Sunday, August 29, 2010

My philosophy

Until recently, I never really thought about why I am a skeptic.  I never thought that I had a philosophy, regarding my belief and lack of belief, until I started chatting with people in paranormal forums.  Discussion with others acted like a mirror, allowing me to see myself more clearly.

So, why don't I believe in the paranormal?  It's not because I think it's stupid, it's not because I think the people who do believe are stupid, and it's not because I'm afraid of looking stupid.  It's simply because I don't have any reason to believe in it.

There are plenty of people I've spoken to who claim to have experienced things, that if I had experienced them myself, I probably would believe differently.  But, as it stands, these people's experiences are just stories I've heard, based on human perception and human memory, two things that, in the past, I've described as being as trustworthy as drug addicts.

None of us know everything, and there are plenty of mysterious things that happen during the day.  When there are noises in the kitchen, and you're home alone, some of us are more likely to blame a ghost, and others are more likely to blame a mouse.  Even when it turns out that there is no evidence of a mouse, that does not count as evidence of a ghost.  Even if you can't think of a single natural explanation for something, rest assured that there are lots of things that you never even thought of.  That's always the case.  

In the search for truth, one of the seven deadly sins is to narrow things down too quickly.  "That was either a mouse or a ghost.  But it wasn't a mouse!"  Another person, presented with the exact same evidence, might say, "That was either a mouse or a bat.  But it wasn't a mouse!"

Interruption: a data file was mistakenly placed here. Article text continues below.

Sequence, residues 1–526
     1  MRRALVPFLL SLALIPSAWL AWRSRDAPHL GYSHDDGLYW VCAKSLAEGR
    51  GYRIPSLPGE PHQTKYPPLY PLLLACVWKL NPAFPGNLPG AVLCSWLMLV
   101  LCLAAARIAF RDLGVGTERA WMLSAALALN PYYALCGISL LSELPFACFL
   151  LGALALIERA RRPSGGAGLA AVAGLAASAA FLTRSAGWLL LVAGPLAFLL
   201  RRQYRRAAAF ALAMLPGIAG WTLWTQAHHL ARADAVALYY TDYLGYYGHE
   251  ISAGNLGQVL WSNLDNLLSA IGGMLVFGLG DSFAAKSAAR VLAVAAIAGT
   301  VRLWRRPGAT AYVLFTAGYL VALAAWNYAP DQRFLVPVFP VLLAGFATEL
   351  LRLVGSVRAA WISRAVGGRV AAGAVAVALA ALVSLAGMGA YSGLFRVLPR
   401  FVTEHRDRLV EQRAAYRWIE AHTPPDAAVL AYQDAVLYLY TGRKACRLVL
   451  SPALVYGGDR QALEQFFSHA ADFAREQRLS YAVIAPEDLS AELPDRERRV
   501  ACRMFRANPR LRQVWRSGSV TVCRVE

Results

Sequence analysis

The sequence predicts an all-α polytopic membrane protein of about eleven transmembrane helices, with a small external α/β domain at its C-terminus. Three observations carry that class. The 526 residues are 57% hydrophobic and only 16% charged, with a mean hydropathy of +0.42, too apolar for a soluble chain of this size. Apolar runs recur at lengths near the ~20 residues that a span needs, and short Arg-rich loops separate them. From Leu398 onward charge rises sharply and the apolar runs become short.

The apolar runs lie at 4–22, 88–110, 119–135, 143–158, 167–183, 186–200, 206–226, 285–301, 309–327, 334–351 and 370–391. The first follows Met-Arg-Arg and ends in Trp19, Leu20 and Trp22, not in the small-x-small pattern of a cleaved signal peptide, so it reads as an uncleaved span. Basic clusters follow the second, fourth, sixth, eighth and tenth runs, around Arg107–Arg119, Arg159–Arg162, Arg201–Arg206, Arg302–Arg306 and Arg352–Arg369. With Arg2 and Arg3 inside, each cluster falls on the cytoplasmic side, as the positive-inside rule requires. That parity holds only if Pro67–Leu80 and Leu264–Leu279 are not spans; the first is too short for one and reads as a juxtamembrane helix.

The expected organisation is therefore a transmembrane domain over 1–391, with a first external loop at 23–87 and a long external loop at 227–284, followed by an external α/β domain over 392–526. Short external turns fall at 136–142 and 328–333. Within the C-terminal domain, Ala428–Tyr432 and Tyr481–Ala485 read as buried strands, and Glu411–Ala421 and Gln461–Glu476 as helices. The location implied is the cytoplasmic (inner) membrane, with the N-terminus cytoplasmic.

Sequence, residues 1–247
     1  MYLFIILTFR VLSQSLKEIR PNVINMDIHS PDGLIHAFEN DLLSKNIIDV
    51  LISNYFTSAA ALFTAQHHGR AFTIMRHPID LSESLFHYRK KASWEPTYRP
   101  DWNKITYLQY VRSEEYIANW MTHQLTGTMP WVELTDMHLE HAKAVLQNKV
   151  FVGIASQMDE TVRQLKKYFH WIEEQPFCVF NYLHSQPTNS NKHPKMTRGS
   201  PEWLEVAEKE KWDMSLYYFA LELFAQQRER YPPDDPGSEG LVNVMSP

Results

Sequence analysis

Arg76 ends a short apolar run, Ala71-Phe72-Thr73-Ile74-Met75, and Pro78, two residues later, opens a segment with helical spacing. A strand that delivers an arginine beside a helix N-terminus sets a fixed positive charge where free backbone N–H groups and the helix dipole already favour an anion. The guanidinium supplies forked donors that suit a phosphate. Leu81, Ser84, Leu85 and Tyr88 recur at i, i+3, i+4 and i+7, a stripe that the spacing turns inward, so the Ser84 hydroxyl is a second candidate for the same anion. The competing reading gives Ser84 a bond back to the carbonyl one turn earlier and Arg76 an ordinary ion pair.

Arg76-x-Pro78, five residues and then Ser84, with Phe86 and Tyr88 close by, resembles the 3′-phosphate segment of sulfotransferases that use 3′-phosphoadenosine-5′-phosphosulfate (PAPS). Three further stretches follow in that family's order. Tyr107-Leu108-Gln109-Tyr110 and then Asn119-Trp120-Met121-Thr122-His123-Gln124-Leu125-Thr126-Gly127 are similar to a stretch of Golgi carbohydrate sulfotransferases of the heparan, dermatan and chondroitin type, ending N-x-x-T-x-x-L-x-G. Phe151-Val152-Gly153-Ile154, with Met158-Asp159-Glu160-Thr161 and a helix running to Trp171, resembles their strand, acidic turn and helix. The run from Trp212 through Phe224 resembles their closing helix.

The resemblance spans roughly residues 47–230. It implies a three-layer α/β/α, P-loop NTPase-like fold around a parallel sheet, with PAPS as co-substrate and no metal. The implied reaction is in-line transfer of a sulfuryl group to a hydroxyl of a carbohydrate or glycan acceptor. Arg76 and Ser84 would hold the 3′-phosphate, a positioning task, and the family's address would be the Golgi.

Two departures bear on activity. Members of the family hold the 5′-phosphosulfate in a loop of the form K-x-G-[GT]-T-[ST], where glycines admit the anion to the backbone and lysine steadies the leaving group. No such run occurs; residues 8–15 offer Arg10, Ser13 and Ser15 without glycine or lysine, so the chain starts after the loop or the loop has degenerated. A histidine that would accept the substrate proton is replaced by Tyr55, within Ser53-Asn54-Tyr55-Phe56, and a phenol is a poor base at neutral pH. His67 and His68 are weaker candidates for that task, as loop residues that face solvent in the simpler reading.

Such made-up dichotomies do us no good.

"It was either a dream or an out of body experience."

"It was either an airplane or a spacecraft from an alien civilization."

"Either I lost my wallet, or John stole it."

If you ever hear the words, "The only thing it could have been..." then you're hearing a conclusion being jumped to.  Especially if the "only thing" is something incredibly specific.  "The only thing it could have been was this government group doing this for this reason, which implies this."  The truth is, in many situations, things happen for reasons that we never would have thought of in a million years.  This world is complex, far beyond our own reasoning, and our obvious answers don't always look like reality.

I would love for certain supernatural things to be real, but I'm not going to accept any of them unless I know for sure.  That's the basis of my skepticism.  I just have to know.  If there is even one, foolish sounding, unlikely, but slightly possible explanation, then I'm not going to call it case closed.  Because if I go and accept a whole new world of spirits and psychic abilities into my mind, and it turns out that the unlikely, but more mundane thing was the truth, then I've been duped, and in a big way.

So, what is my philosophy, in brief?  There is enough variety in the known universe that mysteries are inevitable.  So let's take a good long look at what we already understand before we decide that the cause must be something new.

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